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A question on Dremmel use...

Oct 3, 1998

Has anyone used a Dremmel to buff up the finish of a knife blade? I have bought a second hand Cold Steel Magnum Tanto (Aus8 not San MaiIII) and it has a few scratches along the length of the blade from some careless sharpening.

Now I want to know if anyone has used the Dremmel tool to buff scratches out of their knives? If so, what compound worked best?


Hi Ken
In a word,"DONT"
I have a knife that i used a dremel tool on trying to do the same thing.
it doesn't work......
what is the finish on your blade.

Gregg Lane
Laser sales,
Custom laser work done.

I use my Dremel with an Emory-impregnated polishing wheel to polish the EDGE of my blade, or to shape it if I want a new angle, but I would never go to the side of the blade. Why? Well, because once you start polishing the blade, you are going to have to polish the WHOLE thing to get it to all look uniform, and with home equipment, it is never going to come out perfect. In other words, you are going to have a polished spot on your blade, rather than a scratch , and it is even going to look worse. To quote Gregg "In a word: DON'T".

What I suggest is that you get some Metal-Glo or Flitz, which are metal polishing compounds for shining up knives. Put some on a paper towel and scrub away at the scratch. If you do this too much, you may still get a polished spot, but it takes a lot of work to do any damage. This is how I get out little scratches from my polished steel blades (of course, don't try this on a bead blasted blade, etc).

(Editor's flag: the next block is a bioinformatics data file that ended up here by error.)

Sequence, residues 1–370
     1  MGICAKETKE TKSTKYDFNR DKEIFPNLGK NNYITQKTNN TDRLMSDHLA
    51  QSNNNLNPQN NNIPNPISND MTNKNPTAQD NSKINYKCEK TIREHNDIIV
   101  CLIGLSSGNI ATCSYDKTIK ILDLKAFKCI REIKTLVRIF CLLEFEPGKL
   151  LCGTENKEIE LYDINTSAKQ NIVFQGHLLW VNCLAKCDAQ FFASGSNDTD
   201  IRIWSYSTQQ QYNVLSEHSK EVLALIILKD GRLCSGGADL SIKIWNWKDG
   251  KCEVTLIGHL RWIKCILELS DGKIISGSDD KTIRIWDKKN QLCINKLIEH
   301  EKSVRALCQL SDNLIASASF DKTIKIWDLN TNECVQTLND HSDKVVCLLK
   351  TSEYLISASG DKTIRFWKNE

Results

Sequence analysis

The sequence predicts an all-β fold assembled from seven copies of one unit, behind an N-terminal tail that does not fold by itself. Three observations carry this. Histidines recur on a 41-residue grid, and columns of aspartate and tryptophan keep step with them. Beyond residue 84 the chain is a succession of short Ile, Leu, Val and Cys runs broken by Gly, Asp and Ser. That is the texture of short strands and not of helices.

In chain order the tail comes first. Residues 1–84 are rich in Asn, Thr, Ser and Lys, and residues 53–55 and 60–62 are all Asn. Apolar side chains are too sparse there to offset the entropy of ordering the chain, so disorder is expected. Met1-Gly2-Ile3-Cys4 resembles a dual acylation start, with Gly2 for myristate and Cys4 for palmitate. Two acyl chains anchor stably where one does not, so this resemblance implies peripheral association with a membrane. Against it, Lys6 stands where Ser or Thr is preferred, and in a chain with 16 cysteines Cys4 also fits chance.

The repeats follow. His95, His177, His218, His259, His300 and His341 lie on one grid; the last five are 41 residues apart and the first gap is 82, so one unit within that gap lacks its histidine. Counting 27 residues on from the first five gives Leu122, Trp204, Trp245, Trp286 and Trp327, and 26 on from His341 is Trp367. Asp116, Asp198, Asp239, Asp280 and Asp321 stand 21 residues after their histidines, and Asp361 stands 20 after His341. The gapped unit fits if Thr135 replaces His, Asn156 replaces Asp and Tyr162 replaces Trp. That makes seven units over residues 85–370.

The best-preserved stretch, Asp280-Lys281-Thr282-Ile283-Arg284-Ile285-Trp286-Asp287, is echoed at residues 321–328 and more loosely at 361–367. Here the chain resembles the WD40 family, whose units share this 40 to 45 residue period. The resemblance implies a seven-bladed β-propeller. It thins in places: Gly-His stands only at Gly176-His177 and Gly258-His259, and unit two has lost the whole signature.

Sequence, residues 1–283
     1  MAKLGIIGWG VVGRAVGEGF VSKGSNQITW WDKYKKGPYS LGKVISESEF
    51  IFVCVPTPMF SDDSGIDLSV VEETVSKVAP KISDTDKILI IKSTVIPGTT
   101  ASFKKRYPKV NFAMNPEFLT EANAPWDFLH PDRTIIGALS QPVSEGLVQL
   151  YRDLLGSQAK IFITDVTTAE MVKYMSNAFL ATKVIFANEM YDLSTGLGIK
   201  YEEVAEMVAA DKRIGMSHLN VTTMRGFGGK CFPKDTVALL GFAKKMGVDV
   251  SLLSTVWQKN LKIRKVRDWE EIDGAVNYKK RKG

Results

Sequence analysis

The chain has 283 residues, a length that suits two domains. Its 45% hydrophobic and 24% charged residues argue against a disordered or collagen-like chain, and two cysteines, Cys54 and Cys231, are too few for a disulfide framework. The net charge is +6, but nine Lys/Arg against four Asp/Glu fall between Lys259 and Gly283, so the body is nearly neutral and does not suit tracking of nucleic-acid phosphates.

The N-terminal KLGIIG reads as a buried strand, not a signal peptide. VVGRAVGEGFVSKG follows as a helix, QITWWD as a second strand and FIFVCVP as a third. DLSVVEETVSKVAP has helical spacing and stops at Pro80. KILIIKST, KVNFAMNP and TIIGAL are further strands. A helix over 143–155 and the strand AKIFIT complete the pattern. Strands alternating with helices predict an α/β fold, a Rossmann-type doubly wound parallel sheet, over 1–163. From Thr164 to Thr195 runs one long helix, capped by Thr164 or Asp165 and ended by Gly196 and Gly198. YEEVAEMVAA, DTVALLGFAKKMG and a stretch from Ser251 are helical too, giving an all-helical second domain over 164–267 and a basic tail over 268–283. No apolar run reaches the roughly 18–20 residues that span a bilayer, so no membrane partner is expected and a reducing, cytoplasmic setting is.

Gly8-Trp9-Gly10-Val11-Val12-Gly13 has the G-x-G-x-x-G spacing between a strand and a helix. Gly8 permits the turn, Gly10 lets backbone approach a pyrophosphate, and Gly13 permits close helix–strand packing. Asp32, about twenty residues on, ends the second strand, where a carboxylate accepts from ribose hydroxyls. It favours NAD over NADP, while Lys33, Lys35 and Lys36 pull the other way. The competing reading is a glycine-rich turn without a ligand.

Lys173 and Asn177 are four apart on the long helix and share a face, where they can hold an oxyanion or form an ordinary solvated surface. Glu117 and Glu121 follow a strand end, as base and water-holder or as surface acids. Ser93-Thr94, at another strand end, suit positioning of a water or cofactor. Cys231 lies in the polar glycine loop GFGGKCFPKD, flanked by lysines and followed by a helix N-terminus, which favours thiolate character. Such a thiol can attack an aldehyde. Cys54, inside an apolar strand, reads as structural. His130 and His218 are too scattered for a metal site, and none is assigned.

Hi Txlaser & Thaddeus,

It sounds as though the Dremmel's a bit of a no-no judging by your experiences....

so if that's the case, you think that Cold Steel will be able to restore the blade to its former unscratched glory? if they can then i'll ship the tanto off to the USA....

thanks for the advice!

what is the current finish on the blade?

Gregg Lane
Laser sales,
Custom laser work done.

If you want to polish the surface of a blade with home equipment, try a hand-rub finish. It's easier on a flat grind than a hollow grind. Use successifly finer grits of wet&dry sandpaper and a hard narrow sanding block, and work in different directions for successive grits to eliminate all scratches from the prior grits. Finish lengthwise with the finest grit (400 looks good, but it's been done up to 2000), with the final passes one-way from hilt to point.

With a hollow grind, you need a sanding block with the appropriate curved surface, and you will be going lenghwise on all grits, with slight variation.

This takes time, but less time than trying to fix a mistake a power tool put there because it moved too fast.



the finish is as standard on the Cold Steel Tantos....I'm not sure what it is called but I think it's just the normal satin finish or is it polished??...not sure what you call it(not bead blasted anyway)!


If that is the case (the blade is satin)
do what james said it's the only way to get a consistent finish

Gregg Lane
Laser sales,
Custom laser work done.

What if anything can be done about light pitting on the blade? I have a couple of sentimental favorite knives that I allowed to lightly rust during the years when they weren't being used. One is carbon steel, the other a stainless Gerber folder that I lost for a few years then found in the side pocket of a backpack, but with some light pits in the blade.

I used 400 and 600 grit sandpaper, then fine steel wool on the stainless blade. On the carbon steel blade I used a steel wire brush in my Dremel tool. That actually worked pretty well. Anyone know of a better approach?